I got up right at dawn and stumbled outside. A last-quarter moon right overhead and the sky brightening, but I could make out the four corner stars of Orion, the Mighty Hunter. An Autumn constellation. Yes, fall is right on track!
Early mornings are unusual for me now, but as a 14-year-old with a paper route, I saw the dawn every day. In Kingsville, Texas, 1942, I threw the west-side morning route for the San Antonio Light. Shipments of newspapers came in on the early morning train. We paperboys broke open the bundles and hopped aboard. If we could sell a few papers (a nickel each) we could get enough change to buy a pineapple pie at the bakery. Then off on our trusty bicycles, newspapers in cloth bags strung between the handlebars, folding papers on the fly and tossing them into yards. No plastic bags; if it rained your paper sailed onto your porch.
This was wartime and newspapers were the major source of information. In Kingsville we read two San Antonio papers, the Houston Chronicle, and two Corpus Christi papers – morning and evening. Yes, we did have radio – WOAI out of San Antonio, 120 on the dial of your Atwater Kent – but we relied on the morning paper.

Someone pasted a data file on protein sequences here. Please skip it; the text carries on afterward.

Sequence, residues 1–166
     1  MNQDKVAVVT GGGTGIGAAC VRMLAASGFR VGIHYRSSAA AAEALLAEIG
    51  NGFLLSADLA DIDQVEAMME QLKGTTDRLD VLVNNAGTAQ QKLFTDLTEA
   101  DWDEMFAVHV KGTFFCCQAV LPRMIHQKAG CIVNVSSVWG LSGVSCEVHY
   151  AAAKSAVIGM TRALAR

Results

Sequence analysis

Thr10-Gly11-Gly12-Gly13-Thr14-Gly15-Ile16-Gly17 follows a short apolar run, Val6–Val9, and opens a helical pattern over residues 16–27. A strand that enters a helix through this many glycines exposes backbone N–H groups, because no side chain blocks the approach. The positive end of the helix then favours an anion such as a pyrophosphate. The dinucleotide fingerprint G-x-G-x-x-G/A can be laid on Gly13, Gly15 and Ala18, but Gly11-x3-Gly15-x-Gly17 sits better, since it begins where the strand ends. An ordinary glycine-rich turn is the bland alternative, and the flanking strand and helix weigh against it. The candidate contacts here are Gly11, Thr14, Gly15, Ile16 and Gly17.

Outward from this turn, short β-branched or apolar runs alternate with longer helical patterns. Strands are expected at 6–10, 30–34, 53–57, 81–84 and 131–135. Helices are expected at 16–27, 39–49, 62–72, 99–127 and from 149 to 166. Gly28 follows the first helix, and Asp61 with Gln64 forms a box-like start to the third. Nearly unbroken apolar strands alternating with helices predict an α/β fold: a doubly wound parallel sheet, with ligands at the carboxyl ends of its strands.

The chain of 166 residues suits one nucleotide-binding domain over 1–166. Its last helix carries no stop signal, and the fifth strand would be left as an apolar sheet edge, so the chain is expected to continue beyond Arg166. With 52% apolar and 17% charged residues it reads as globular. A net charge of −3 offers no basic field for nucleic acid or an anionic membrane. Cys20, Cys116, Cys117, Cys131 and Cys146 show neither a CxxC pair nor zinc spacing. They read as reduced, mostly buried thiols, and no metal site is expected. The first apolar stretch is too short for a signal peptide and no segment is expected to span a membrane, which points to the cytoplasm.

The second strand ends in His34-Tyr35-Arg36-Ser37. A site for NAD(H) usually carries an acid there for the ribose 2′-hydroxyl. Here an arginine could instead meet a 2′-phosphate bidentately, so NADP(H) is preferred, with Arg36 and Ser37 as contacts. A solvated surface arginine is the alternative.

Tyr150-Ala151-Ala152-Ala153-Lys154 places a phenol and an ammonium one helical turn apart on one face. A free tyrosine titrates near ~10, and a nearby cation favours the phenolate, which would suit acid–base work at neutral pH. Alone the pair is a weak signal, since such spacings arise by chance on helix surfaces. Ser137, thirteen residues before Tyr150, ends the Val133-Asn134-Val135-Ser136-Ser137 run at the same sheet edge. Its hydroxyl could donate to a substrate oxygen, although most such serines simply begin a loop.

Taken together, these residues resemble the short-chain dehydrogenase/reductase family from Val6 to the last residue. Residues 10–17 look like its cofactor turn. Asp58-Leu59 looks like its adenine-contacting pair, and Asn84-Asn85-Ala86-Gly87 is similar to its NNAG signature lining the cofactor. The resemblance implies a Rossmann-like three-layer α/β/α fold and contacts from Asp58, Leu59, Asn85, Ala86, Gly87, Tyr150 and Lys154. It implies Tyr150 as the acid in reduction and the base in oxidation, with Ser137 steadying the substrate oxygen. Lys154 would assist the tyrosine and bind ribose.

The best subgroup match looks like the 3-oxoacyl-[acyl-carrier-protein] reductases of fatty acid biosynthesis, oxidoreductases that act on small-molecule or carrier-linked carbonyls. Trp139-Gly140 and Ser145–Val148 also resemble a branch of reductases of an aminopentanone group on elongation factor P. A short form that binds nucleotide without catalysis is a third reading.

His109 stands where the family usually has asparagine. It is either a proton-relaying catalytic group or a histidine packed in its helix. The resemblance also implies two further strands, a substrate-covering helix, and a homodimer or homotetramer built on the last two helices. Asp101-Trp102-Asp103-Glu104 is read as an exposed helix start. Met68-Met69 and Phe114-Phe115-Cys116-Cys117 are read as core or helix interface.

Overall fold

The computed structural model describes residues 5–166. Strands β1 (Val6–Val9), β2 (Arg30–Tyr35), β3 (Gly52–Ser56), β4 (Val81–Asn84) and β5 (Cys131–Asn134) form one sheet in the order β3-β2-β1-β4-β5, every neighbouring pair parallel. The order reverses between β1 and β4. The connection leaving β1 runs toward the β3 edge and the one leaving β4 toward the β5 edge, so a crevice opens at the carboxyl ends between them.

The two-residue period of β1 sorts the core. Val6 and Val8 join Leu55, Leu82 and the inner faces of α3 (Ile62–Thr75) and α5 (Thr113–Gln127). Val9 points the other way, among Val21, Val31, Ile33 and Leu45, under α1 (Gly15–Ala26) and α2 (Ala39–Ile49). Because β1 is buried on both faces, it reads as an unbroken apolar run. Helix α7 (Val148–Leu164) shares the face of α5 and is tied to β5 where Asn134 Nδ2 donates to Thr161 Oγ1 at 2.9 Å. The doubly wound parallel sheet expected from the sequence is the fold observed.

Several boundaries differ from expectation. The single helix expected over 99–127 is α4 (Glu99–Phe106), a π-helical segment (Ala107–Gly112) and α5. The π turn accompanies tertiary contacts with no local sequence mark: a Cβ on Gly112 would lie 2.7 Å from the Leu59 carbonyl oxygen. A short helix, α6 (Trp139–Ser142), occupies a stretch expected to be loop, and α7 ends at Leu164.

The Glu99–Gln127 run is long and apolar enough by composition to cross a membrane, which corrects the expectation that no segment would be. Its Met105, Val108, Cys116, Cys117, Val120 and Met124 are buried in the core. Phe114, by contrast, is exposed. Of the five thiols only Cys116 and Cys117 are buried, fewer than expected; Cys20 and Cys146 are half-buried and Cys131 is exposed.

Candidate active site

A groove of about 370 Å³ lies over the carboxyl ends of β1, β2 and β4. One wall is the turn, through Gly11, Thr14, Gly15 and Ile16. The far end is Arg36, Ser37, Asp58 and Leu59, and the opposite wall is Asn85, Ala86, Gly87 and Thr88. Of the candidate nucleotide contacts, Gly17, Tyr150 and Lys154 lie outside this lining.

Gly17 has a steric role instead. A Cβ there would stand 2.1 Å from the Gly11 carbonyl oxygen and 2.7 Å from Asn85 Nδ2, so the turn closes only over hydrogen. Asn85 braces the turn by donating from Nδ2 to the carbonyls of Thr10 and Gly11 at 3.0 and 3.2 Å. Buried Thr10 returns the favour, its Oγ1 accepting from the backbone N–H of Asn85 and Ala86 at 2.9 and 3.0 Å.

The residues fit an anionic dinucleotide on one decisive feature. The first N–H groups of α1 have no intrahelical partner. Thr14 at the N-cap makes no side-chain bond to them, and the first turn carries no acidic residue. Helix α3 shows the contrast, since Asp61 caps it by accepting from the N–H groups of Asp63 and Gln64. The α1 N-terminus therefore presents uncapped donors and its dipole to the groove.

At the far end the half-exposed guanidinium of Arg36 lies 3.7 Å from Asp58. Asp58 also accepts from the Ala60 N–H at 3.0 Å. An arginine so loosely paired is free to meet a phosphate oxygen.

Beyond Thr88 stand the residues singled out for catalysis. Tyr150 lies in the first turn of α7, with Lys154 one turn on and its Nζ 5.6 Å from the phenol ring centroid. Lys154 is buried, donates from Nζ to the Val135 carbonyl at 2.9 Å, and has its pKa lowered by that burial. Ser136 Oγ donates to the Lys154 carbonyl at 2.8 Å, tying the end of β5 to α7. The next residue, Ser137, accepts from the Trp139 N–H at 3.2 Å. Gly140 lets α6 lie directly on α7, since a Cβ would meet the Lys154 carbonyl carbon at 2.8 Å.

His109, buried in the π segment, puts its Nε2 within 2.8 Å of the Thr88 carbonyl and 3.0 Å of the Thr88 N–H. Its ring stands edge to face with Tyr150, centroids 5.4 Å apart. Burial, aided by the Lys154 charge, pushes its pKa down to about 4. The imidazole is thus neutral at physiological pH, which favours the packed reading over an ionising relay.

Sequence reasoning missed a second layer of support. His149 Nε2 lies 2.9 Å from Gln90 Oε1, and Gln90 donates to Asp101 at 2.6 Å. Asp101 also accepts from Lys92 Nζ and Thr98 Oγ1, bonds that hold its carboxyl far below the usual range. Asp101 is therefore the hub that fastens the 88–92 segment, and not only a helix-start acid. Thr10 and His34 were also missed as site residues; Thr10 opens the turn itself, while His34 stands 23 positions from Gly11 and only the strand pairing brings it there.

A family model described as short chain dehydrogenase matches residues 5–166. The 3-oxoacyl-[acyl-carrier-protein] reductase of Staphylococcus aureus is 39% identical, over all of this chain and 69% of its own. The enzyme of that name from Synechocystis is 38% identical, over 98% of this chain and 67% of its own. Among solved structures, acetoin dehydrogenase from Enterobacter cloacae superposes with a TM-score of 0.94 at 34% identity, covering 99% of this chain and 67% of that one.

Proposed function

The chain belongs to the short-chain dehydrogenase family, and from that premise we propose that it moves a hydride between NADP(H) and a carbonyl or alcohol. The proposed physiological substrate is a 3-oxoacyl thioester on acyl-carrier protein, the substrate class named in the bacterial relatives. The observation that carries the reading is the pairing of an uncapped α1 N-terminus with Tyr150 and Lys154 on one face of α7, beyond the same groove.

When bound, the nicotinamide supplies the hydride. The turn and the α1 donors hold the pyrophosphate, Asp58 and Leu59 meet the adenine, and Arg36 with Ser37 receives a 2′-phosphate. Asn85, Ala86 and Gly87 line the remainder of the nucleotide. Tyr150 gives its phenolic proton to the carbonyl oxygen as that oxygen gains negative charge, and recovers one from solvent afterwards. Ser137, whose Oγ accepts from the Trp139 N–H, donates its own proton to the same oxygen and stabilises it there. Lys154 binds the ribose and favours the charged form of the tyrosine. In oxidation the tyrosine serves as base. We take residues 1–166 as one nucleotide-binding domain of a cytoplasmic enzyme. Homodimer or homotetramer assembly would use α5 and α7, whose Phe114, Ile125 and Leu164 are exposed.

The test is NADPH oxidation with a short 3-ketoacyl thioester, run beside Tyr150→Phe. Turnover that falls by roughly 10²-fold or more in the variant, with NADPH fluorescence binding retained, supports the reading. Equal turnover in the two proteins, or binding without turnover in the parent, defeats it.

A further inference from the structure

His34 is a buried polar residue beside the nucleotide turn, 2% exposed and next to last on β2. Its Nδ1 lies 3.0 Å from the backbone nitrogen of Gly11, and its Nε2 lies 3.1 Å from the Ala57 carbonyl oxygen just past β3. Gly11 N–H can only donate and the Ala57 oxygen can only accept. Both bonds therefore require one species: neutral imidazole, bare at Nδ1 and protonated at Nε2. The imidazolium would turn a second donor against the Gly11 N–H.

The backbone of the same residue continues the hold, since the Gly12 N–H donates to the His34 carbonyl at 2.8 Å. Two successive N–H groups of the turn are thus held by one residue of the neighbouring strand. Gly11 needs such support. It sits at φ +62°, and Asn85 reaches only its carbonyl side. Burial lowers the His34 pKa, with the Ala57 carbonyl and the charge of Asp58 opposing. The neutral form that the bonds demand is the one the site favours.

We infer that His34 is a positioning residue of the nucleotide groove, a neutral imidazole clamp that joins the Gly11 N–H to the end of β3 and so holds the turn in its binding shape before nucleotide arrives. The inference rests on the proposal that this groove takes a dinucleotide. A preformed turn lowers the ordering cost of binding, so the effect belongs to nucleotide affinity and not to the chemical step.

Throwing a newspaper was a summertime activity for me. Some of my friends – Larry C. and Harold H., I recall – kept their routes going year-round. But another year and a year older, we’d find other after-school employment and pass the routes along to younger brothers.
In these modern times, what occupies a 14-year-old boy when school is out? Whatever does, I’ll bet it isn’t as much fun as those early-morning rides to the railroad station, last stars in the sky, the little city just awakening.
Do they still bake pineapple pies?
August 28, 2016. Happy birthday to Ida-May DeRyee.
“Play the players, not the cards they hold.” – Hiram the piano player (The Hand of Lou Diamond).